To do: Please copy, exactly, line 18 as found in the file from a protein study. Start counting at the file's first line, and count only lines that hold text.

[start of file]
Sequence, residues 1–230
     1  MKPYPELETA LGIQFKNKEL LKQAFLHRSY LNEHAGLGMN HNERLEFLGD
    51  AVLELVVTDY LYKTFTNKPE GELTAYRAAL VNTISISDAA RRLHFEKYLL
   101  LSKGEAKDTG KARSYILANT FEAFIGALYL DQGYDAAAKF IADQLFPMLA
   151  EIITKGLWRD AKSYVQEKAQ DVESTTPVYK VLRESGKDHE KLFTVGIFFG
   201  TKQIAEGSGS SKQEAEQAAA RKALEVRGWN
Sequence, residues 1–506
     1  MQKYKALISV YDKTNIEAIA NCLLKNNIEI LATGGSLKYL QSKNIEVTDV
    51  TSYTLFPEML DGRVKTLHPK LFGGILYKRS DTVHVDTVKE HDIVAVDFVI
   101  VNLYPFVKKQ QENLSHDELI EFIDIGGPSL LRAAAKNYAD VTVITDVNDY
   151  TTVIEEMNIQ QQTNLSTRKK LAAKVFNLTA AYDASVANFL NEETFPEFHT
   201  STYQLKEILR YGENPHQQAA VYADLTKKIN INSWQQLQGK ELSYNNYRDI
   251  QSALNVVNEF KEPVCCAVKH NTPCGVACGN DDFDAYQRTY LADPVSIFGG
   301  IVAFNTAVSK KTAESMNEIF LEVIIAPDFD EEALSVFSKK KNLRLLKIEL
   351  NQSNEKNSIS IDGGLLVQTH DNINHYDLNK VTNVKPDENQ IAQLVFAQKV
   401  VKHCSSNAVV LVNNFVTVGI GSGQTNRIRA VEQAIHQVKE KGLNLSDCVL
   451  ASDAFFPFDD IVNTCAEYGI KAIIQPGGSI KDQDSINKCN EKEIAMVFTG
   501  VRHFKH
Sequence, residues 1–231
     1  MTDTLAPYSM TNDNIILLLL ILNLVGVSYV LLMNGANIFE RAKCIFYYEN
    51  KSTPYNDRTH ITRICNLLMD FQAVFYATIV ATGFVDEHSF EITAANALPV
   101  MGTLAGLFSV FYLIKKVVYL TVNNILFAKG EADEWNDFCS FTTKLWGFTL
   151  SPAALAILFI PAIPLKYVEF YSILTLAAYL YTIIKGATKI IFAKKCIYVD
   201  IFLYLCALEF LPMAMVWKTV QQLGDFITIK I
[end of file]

   501  VRHFKH